“For them to say, we have a book about the transatlantic slave trade and slavery, and all of these very heavy things that we as Black people in America, we think about it all the time … I felt like that’s one of the biggest broken bones in America,” he said.

Hidden in the clouds are equations, rockets, the capitol under construction, showing the ways Black people contributed intellectually, physically to build this country. The painting also acknowledges how, “we think about [slavery] all the time” — iconic American landmarks are constant reminders. On the right, Olympian Lee Evans raises a Black power fist in parallel with the Statue of Liberty’s raised arm, symbolizing how a fight for freedom is ongoing, well after the statue was erected. All of the figures, ranging generations, are in the same water, bound by the legacy of slavery.

“…Remember that these weren’t slaves that were taken, these were brilliant people, and they did some amazing things … They knew how to design and build cities, they built this country, and that’s why they were stolen, because they were brilliant and good at what they do. We just want to remind people of that, and also how much they fought and resisted and got their freedom back.”

Printed on the inside cover are the symbols for Life, Death, and Rebirth used throughout the book, modeled after African scarification patterns. “I want people, especially younger folks, to be able to grasp the heaviness of what happened without it being too in-your-face about the tragic moments.” Smith said.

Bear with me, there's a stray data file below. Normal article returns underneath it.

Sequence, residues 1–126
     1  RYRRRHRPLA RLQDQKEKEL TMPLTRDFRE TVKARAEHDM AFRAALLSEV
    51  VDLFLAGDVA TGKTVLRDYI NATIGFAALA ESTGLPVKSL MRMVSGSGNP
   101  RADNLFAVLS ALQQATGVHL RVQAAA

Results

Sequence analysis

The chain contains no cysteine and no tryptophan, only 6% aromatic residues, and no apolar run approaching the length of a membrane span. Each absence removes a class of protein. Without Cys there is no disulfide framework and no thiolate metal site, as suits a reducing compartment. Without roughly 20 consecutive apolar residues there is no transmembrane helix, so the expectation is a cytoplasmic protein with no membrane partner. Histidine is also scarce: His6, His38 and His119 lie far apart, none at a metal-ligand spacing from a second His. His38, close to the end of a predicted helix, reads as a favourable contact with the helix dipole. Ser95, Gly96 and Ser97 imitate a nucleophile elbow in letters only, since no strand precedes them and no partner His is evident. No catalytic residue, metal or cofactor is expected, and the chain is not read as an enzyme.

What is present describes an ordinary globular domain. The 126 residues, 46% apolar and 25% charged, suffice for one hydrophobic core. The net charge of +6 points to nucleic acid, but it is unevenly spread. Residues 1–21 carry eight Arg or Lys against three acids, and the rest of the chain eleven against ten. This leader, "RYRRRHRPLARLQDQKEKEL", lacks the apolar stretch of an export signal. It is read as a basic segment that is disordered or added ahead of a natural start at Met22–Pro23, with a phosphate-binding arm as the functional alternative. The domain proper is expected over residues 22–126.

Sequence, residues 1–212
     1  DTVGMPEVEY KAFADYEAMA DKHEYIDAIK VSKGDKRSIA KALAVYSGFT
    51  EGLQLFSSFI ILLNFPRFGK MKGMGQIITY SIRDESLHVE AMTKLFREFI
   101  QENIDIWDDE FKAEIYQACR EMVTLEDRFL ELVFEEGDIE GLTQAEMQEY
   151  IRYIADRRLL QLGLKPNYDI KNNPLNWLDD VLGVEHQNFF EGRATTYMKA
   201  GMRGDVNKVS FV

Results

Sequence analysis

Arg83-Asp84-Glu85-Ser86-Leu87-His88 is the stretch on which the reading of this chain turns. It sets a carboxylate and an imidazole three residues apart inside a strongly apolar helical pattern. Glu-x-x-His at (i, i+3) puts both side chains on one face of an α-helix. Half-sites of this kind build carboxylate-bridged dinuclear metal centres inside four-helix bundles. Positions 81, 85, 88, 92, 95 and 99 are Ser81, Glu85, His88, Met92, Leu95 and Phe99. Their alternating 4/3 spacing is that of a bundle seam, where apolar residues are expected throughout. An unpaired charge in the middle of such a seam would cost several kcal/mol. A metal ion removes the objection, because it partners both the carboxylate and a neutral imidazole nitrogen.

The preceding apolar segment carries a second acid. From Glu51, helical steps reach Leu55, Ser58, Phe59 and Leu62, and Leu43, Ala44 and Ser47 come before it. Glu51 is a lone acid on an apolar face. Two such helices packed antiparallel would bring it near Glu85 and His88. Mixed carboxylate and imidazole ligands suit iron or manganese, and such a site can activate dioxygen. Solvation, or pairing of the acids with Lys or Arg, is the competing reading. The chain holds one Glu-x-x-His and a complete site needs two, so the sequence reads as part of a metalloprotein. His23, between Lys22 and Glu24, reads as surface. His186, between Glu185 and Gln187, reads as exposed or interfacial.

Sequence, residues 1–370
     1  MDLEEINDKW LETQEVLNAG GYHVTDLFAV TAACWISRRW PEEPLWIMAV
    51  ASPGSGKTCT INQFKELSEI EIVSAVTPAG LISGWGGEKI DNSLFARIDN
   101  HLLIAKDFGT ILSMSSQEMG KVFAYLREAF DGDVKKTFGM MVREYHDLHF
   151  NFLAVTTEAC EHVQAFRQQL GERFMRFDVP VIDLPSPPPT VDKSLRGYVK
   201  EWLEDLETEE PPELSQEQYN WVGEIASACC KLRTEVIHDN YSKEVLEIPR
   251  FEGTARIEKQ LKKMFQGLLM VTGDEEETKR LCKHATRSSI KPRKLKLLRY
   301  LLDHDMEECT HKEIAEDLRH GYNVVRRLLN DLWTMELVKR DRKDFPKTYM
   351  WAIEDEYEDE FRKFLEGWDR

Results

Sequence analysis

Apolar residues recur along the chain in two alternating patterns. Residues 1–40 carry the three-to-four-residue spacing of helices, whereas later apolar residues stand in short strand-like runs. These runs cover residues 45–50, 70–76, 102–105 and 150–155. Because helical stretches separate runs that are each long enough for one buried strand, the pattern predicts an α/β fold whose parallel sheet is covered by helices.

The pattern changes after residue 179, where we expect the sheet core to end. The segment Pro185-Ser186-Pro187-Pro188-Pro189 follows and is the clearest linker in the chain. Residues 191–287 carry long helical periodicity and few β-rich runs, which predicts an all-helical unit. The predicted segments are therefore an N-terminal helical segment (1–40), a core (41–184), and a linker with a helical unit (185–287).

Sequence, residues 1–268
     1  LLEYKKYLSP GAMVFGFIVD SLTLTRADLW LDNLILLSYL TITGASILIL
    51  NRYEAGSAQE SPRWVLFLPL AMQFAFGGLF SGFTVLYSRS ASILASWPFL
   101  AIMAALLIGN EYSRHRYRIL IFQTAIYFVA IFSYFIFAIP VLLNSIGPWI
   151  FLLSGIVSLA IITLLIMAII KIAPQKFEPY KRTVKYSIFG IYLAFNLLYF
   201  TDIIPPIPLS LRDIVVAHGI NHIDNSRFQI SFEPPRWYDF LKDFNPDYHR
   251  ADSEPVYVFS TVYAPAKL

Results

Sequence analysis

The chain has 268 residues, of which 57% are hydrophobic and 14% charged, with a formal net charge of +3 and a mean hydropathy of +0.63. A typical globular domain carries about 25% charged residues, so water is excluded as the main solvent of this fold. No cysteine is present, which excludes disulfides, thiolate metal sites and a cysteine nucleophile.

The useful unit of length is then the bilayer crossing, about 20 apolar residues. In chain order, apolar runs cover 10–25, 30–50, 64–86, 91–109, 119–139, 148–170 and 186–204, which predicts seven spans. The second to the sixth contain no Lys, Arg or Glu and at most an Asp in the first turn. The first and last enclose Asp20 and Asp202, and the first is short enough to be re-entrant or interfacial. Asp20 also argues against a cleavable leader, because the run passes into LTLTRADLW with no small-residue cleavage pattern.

“And [for] the young folks who are not Black, there’s no shame in anything we’re saying. We want people to grow up having an accurate understanding of what happened in this country. I feel like it’s really not until we address all of these things openly and honestly that we’re gonna really grow and move forward as a nation.”
Nikkolas Smith

A two-page wordless spread of the White Lion ship, used to transport people to the Americas, lands in the center of Born on the Water. Here, Smith’s “X” symbols for death are everywhere, and the image is framed so that you can see the hidden hull below. Its “grotesque” nature is conveyed through harsh brushstrokes, shading and color. Typical of other spreads, there are flickers of light on the right, of a sunrise or sunset, perhaps. Smith says this was intended to convey that even in the darkest times, there is hope.

Smith blurred linear understandings of time by using symbols across generations, to help young readers understand that “[ancestors’] vision of the future, their wildest dreams are now embodied in us — [we’re] having to take that mantle and move forward.” 

In this painting, it’s hard to make out just how many figures are in the purple cloud or wave. What is clear is a legacy of resistance: a man breaking shackles, a broom commonly used in marriage ceremonies, a man taking a knee in protest evoking Colin Kapaernick. All are oriented toward “an uncertain future” — one that’s brighter, hopeful.

And in faces, Smith balanced the world of feelings bound up in the Black experience: from shame, when the protagonist cannot make a family tree beyond three generations, to pride, after her grandmother recounts the rich history of tribes pre-enslavement. Her hair, in Bantu knots, and clothing give reference to past generations.

The first spread in Born on the Water is a familiar entry point for readers: the classroom.

Ultimately, Smith hopes his work can help the next generation of Black youth have a sense of pride. Over the next few months, he’ll paint scenes of Ruby Bridges, the first young person to integrate a Southern school in 1960. And next year, he’ll collaborate with celebrated author Timeka Fryer Brown on a picture book about the Confederate flag. 

He expects both will end up on some banned lists.   

“All we can do is keep putting the truth out there,” Smith said, “and it’ll get into the right hands.”

All paintings are illustrated by Nikkolas Smith for Born on the Water, a publication of Kokila, an imprint of Penguin Young Readers.